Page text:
Objectives: Important scientific principles of pain medicine pharmacology affect urine drug testing (UDT). This paper reviews sources of variability in pharmacokinetics, pharmacodynamics, pharmacogenetics, and issues relating to the collection, handling, and assay of urine and how these factors may affect test interpretation and application.
Methods: Articles concerning the pharmacokinetics, pharmacodynamics, and pharmacogenetics of opioids are reviewed and interpreted for pain clinicians who treat patients with chronic opioid therapy. These data are applied to the use of UDT.
Results: Intraindividual and interindividual variability in drug metabolizing enzyme activity due to genetic polymorphisms or environmental effects can result in day-to-day and patient-to-patient variability in drug exposure. Transporters, also under genetic and environmental control, can play an important role in opioid response and contribute to the significant variability in opioid pharmacokinetics and response. The use of urine creatinine concentration to adjust urine drug concentrations, discussion of UDT assays, and application of UDT in light of an understanding of pharmacokinetics, pharmacodynamics, and pharmacogenetics are reviewed. In addition, the methodology used for testing has an important role in accuracy. Because of these factors, UDT cannot be used to determine patient compliance with a specific opioid dose.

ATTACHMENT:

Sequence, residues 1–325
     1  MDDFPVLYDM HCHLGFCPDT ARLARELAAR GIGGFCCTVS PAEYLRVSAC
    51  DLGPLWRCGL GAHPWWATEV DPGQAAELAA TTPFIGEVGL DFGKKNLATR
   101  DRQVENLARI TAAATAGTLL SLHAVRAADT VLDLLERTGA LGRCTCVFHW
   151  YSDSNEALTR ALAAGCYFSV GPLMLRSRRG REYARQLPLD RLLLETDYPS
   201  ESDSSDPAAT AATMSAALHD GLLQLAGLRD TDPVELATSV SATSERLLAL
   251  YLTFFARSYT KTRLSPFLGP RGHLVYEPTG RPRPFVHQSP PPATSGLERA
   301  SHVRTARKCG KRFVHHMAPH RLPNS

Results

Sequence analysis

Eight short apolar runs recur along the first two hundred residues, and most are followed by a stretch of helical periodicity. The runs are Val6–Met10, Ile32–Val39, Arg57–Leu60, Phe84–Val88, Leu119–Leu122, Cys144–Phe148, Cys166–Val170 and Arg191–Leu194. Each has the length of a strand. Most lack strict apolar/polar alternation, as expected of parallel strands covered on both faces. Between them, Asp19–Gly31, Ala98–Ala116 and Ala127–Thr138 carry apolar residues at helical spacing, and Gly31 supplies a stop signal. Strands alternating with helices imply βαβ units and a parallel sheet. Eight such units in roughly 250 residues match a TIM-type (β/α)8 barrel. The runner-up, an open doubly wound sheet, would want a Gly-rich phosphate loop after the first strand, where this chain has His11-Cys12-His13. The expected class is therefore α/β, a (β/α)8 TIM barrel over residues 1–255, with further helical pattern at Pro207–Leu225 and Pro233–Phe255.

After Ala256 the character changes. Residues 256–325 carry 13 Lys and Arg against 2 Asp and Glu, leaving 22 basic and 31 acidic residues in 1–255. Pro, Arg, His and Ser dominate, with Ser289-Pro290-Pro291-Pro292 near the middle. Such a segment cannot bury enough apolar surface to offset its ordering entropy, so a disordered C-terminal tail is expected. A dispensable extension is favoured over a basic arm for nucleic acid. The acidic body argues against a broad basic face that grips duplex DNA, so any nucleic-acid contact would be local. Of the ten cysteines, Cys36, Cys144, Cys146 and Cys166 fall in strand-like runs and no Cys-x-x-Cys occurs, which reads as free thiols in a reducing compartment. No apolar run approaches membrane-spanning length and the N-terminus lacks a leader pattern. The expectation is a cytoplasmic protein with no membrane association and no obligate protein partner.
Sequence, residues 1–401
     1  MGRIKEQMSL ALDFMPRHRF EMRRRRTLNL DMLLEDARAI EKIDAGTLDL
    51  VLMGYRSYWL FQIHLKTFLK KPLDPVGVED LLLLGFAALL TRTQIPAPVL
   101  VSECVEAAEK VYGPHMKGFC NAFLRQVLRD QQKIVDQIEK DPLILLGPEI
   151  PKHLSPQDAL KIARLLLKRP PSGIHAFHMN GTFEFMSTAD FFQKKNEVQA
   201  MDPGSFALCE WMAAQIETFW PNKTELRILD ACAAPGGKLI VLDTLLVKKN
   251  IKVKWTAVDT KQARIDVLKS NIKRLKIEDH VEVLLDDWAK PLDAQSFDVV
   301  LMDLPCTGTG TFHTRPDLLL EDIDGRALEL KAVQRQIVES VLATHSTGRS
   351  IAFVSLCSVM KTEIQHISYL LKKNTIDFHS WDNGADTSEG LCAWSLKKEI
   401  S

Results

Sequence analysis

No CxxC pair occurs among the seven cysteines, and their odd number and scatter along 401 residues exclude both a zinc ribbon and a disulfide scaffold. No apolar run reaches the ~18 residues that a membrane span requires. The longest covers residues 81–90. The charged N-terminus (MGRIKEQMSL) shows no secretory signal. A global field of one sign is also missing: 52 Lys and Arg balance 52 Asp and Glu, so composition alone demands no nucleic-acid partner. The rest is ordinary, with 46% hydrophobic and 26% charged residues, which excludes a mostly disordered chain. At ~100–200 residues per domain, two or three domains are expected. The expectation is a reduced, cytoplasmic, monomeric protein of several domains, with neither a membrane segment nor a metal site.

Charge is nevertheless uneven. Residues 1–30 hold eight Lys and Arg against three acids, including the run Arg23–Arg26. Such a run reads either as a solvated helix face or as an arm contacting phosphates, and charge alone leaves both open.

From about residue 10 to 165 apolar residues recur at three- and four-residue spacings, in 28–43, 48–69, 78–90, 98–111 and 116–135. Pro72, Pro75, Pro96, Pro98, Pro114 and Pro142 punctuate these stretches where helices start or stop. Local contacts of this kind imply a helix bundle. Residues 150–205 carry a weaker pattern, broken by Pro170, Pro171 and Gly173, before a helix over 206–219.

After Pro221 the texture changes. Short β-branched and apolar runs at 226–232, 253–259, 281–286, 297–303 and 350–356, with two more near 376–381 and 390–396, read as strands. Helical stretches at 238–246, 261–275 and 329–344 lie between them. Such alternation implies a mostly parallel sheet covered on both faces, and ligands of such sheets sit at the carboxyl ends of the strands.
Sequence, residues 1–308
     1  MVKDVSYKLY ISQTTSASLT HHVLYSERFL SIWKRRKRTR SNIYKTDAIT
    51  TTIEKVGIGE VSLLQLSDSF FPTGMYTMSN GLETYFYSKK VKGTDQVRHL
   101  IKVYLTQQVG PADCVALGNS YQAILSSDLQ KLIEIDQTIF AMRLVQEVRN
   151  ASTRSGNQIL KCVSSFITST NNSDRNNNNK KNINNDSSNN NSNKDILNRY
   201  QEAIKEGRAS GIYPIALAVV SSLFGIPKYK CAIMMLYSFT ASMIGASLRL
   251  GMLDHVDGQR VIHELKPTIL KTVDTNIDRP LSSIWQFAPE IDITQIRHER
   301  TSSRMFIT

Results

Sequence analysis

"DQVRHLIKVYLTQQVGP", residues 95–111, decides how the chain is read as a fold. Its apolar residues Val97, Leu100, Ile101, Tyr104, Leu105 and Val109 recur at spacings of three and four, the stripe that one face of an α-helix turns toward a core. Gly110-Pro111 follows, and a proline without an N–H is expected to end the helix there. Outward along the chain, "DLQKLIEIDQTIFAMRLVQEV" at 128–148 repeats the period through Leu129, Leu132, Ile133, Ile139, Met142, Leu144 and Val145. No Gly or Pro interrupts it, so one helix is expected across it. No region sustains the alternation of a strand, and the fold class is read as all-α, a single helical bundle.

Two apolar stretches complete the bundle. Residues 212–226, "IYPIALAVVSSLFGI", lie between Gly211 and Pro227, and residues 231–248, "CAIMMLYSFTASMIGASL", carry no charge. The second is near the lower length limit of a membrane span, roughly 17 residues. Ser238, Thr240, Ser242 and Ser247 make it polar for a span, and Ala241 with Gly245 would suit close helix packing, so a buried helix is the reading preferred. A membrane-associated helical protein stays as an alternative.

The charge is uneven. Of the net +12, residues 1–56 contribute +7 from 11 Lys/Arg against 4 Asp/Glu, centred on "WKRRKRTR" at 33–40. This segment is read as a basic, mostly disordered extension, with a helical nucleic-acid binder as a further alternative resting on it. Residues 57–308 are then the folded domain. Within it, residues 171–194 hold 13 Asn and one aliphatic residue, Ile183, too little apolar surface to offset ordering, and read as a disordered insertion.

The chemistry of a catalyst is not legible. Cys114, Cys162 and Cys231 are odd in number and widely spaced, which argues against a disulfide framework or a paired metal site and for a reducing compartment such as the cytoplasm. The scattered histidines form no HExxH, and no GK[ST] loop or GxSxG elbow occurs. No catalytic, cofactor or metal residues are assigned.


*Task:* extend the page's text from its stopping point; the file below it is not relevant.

Discussion: UDT, when used with an understanding of the principles of pharmacokinetics, pharmacodynamics, and pharmacogenetics of opioids, can be a useful tool in chronic pain management. Clinicians must keep in mind the limitations, purpose, and value of UDT, and the inability to predict patient compliance with a drug dosage using commercial algorithms.